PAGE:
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Non-healing wounds need special care


A child who falls off his bike and scrapes his knee isn’t usually a cause for concern. A quick clean-up of the knee, patching on a bandaid and waiting just a few days for the wound to heal is a normal routine. However, when it comes to more severe wounds, such as from a surgery or an underlying medical problem like diabetes, wounds can become hard to heal and a serious issue. As a result, these non-healing wounds need proper care and treatment.

A non-healing wound is a wound that doesn’t heal within five to eight weeks, which can lead to infection, illness or even the loss of a limb. The providers at Bothwell Wound Healing Center treat serious wounds including diabetic foot ulcers, venous stasis ulcers, pressure ulcers, infections, burns and wounds as a result of trauma.

Dr. Jeff Wadley, one of the center’s providers, said non-healing wounds require specialized care.

“Underlying, complex conditions can prevent wounds from going through the expected healing stages,” Wadley said. “The longer a wound goes untreated, the greater the risk for infection, amputation and other complications.”

Pamela Harris, 61, of Sedalia, went to the Wound Healing Center because of a wound the size of a quarter on her leg. Consequently, she was on the verge of losing her foot. During her three years of weekly appointments and treatments, Harris experienced a bad fall and broke four toes. While her toes tried to heal, air was not getting between them and Harris ended up with another large wound on her toe. Before she went to Bothwell’s Wound Healing Center, Harris tried for several weeks to care for and treat the wound herself. 

“Don’t try to be your own doctor,”  she said. “Especially if you’re a diabetic.” 

Information from Healogics, the nation’s largest wound healing provider, shows up to 25% of all diabetics will develop a foot ulcer in their lifetime and 15% of people with a diabetic foot ulcer will experience an amputation. Approximately 6.7 million Americans are suffering from non-healing wounds.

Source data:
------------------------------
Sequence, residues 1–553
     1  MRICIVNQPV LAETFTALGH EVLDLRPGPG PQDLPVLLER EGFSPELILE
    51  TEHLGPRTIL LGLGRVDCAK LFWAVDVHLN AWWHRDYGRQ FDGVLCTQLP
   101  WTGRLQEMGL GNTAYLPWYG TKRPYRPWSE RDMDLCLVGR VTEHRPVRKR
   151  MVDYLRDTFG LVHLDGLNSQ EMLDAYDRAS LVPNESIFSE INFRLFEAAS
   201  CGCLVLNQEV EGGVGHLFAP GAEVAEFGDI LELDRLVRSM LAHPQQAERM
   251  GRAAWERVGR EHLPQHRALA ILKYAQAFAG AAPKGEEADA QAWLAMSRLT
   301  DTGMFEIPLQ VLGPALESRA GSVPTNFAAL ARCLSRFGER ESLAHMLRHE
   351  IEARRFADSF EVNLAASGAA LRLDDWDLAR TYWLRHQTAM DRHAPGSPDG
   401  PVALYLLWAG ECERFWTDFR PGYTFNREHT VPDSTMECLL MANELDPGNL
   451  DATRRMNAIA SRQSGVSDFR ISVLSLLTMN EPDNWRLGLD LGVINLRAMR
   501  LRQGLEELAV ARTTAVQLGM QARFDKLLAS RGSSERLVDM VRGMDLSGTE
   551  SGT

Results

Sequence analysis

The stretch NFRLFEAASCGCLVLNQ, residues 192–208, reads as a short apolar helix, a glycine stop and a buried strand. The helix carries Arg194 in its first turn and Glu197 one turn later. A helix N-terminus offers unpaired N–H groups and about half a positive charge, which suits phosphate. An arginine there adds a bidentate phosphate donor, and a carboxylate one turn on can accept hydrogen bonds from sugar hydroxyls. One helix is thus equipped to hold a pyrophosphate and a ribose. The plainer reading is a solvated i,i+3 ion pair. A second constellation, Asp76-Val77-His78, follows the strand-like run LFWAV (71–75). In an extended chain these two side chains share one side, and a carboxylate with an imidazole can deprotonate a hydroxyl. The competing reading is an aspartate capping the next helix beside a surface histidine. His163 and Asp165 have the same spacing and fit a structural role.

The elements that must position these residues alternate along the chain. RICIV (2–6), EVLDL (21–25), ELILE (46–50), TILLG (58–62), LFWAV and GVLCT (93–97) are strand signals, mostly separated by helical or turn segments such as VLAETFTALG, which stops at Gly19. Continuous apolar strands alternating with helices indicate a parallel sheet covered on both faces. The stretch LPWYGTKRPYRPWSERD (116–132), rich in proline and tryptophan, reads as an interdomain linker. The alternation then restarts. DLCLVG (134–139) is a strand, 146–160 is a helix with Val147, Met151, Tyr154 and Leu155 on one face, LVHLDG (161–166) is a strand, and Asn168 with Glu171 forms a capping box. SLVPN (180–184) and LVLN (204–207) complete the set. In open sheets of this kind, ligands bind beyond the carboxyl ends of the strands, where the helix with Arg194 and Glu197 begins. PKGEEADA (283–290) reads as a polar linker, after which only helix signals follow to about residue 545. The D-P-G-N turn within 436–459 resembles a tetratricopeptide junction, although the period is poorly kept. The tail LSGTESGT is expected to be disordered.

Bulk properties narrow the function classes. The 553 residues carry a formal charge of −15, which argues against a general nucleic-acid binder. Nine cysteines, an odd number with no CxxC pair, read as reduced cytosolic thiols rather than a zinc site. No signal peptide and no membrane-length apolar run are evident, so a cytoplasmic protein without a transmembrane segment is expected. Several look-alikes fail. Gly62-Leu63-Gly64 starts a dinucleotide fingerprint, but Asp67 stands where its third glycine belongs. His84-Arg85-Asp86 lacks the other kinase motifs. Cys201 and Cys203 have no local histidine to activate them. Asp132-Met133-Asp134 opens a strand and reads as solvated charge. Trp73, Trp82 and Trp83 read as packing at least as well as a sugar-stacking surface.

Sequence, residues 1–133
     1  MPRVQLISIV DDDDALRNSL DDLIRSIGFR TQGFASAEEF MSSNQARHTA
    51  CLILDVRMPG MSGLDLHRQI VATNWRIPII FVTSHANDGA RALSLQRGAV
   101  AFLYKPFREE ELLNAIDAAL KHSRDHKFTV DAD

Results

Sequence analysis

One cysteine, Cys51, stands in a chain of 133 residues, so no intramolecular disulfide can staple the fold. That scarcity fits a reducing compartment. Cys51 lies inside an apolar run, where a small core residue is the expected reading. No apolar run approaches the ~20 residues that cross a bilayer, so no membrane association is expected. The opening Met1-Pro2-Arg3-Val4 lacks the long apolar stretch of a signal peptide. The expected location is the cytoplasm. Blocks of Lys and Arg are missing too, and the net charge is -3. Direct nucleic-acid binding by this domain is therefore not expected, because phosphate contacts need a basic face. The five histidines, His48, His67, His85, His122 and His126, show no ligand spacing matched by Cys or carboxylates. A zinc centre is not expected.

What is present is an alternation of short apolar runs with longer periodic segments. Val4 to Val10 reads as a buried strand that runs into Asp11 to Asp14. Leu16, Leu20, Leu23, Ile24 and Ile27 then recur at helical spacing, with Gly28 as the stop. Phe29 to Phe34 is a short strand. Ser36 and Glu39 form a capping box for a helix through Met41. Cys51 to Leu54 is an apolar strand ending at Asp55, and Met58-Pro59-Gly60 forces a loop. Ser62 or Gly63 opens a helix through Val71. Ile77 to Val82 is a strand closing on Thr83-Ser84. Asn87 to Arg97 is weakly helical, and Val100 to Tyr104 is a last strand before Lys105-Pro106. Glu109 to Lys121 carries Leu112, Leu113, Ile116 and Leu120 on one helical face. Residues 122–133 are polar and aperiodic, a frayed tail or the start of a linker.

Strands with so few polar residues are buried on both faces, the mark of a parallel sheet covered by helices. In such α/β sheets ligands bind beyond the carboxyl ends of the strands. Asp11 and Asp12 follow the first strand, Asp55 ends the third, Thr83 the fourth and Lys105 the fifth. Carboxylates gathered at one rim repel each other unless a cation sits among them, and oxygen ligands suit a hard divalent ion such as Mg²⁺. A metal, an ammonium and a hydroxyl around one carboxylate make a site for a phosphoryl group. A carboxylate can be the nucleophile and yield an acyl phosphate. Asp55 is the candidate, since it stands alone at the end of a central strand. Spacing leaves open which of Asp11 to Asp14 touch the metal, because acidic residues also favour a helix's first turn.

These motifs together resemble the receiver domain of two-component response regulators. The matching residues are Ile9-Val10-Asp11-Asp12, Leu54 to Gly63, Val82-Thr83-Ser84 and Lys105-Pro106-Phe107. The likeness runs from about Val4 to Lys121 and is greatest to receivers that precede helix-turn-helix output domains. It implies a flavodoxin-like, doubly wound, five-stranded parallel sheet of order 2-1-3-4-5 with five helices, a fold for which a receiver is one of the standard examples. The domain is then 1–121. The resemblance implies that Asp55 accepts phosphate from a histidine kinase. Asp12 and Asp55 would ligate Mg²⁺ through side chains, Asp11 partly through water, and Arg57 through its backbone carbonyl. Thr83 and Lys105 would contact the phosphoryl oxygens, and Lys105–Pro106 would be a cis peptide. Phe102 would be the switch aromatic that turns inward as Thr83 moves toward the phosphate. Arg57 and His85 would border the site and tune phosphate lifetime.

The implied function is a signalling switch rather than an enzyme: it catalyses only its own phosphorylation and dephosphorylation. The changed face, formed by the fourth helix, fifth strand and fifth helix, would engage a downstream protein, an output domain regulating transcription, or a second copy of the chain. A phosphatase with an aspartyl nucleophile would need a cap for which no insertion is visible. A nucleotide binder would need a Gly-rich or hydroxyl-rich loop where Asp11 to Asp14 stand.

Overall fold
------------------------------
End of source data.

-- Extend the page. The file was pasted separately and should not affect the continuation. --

Katie Case, Wound Healing Center director, said the center’s team uses advanced wound care procedures including wound debridement, total contact casting, compression wraps, bioengineered skin substitutes, specialized wound dressings and hyperbaric oxygen therapy.

“Hyperbaric oxygen therapy heals a wound from the inside out,” Case said. “This involves the patient breathing oxygen inside a pressurized chamber, which quickly increases the concentration of oxygen in the bloodstream where it is delivered to a patient's wound for faster healing.”

In addition to Wadley, other providers at the Wound Healing Center include Dr. Trevor Beckham, Dr. Alan Allmon and Nurse Practitioner Gail Meyer. Each has undergone extensive wound care education through Healogics. In 2018, the center was named a Healogics’ Center of Excellence, which means the clinic has achieved a patient satisfaction level of equal to or greater than 92%, a healing rate of greater than or equal to 92%, and equal to or fewer than a median of 28 days to heal.

Wadley and Beckham cared for Harris, treated her like family and saved her from losing her foot. Advanced wound care procedures such as hyperbaric oxygen therapy and wound debridement were used to treat her wounds.

“A non-healing wound can get out of control fast,” Harris said. “There is a reason for the wound clinic, you could save limbs.” 

With the growing need for wound care, it is important to let the experts provide the proper care and treatment of non-healing wounds. No referral is needed to be seen by a provider at Bothwell Wound Healing Center. For more information, call 660-827-2525.


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